Building wealth through your investment portfolio is like hoping to win a car race because of the motor oil you use.  It is a factor, but not the only one!


Earlier this week, I heard a reference to a new study which shows that stock market investing is responsible for about 5% of the wealth creation in America.  That's it - just 5%.

What about the other 95%?

By far the largest factor is related to behavioral economics - the daily decisions you make in how you spend or save your income.  Almost as important is the ability of business owners to grow their businesses, produce and sell more while keeping costs down (thereby improving profitability).


In other words it all boils down to Cash Flow - Cash Flow at both the personal and business owner levels.

(By the way, government doesn't show up in these studies because governments don't create wealth ... they only redistribute it).

What really matters isn't whether or not your $100,000 in that 401(k) makes you 8% or 6%.  That extra $2000 this year is small compared to saving $5000 (10% of an annual salary of $50,000) out of your annual cash flow just by thinking about money and how you spend it.


You will likely spend $1500 of that $2000 on mutual fund management fees (the average expense ratio of a fund in a 401(k) plan is 1.5%) with no guarantee they'll actually get a better return ...

... or ...

You can spend a fraction of that money learning how to get control over the money that is slipping through your fingers every day and end up with a much more positive result.

We have crunched the numbers with dozens of clients and many more who have attended workshops and classes.  If you want to be in control over you money ... and to have more wealth at some time in the future than you have today ... the fastest and easiest way to make that happen is to get control over your cash flow.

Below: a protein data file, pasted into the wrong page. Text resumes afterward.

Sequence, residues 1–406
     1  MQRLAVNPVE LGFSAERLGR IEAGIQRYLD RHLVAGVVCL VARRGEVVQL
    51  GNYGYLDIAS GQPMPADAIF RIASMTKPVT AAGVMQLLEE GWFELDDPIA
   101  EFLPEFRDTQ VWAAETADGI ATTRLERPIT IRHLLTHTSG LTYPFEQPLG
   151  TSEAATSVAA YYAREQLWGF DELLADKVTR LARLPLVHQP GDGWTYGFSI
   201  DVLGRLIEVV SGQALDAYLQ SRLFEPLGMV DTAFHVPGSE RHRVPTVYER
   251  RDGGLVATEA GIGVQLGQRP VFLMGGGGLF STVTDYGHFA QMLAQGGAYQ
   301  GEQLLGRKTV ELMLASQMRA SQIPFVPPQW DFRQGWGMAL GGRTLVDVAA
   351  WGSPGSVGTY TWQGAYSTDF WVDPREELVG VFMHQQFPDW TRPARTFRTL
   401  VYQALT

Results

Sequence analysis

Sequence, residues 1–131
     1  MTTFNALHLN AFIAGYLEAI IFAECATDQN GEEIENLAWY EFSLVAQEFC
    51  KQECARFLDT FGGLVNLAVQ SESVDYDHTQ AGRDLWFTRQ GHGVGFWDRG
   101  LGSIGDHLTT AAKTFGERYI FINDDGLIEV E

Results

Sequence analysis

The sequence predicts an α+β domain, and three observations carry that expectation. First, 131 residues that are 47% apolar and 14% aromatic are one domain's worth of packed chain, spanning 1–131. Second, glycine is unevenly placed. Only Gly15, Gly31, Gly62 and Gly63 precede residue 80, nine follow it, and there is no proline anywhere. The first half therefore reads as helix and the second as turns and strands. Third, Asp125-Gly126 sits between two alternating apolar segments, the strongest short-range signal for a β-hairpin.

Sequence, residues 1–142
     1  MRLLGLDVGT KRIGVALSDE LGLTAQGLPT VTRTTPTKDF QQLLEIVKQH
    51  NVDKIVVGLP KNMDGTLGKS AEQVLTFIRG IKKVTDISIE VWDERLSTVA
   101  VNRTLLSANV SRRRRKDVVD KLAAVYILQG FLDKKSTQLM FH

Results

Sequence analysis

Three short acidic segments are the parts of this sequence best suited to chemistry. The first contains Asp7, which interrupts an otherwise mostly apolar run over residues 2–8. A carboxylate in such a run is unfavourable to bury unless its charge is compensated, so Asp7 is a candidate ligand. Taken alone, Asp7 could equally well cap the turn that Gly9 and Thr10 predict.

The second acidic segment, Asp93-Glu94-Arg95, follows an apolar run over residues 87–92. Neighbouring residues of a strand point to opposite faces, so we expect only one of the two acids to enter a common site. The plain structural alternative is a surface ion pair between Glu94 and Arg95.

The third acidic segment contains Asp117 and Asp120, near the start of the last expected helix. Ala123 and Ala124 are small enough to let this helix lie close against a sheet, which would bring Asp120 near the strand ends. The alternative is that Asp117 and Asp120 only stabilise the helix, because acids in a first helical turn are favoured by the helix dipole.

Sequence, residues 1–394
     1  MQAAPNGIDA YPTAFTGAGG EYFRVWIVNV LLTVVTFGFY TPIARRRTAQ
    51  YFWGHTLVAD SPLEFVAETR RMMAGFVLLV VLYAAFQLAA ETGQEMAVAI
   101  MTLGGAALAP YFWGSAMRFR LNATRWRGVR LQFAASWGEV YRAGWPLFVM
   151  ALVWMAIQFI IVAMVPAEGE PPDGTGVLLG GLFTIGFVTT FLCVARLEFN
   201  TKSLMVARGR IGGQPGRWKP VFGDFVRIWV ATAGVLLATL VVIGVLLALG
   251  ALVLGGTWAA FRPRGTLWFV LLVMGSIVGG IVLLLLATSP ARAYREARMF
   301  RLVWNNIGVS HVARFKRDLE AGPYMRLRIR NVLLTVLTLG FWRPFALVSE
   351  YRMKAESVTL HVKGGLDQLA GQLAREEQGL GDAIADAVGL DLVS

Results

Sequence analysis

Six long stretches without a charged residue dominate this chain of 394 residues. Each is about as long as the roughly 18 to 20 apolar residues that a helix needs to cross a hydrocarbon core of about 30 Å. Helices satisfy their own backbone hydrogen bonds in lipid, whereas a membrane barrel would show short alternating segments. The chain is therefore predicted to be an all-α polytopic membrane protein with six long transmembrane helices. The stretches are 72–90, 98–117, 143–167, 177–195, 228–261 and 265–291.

I should be clear that I am not suggesting that you ignore your investments and focus solely on cash flow.  That won't work either.  If you throw all caution to the wind with your investments, you will get wildly unreliable results.  Such a strategy could very easily set you back years if not decades.


What I am suggesting is that you ALSO pay attention to cash flow issues as well as your personal financial literacy.  Read books and articles.  Use a program like Quicken or (better yet) www.mint.com to track your expenses and income.  Send me an email (jdbuerger@altuswealth.com) to get our Cash Flow Hydrant worksheet and attend our next free webinar on how that Cash Flow Hydrant works.

... and don't be afraid to spend a little money talking with a professional, fiduciary advisor about all the other tools (beyond stocks & bonds) that are available to you to help you create and build wealth.

If we took a quarter of the money that we throw at transactions costs and investment-management-fees and invested it in financial literacy education, we could prevent the kind of meltdown we have been living through the past six years.

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Last Updated on Friday, 09 October 2009 23:07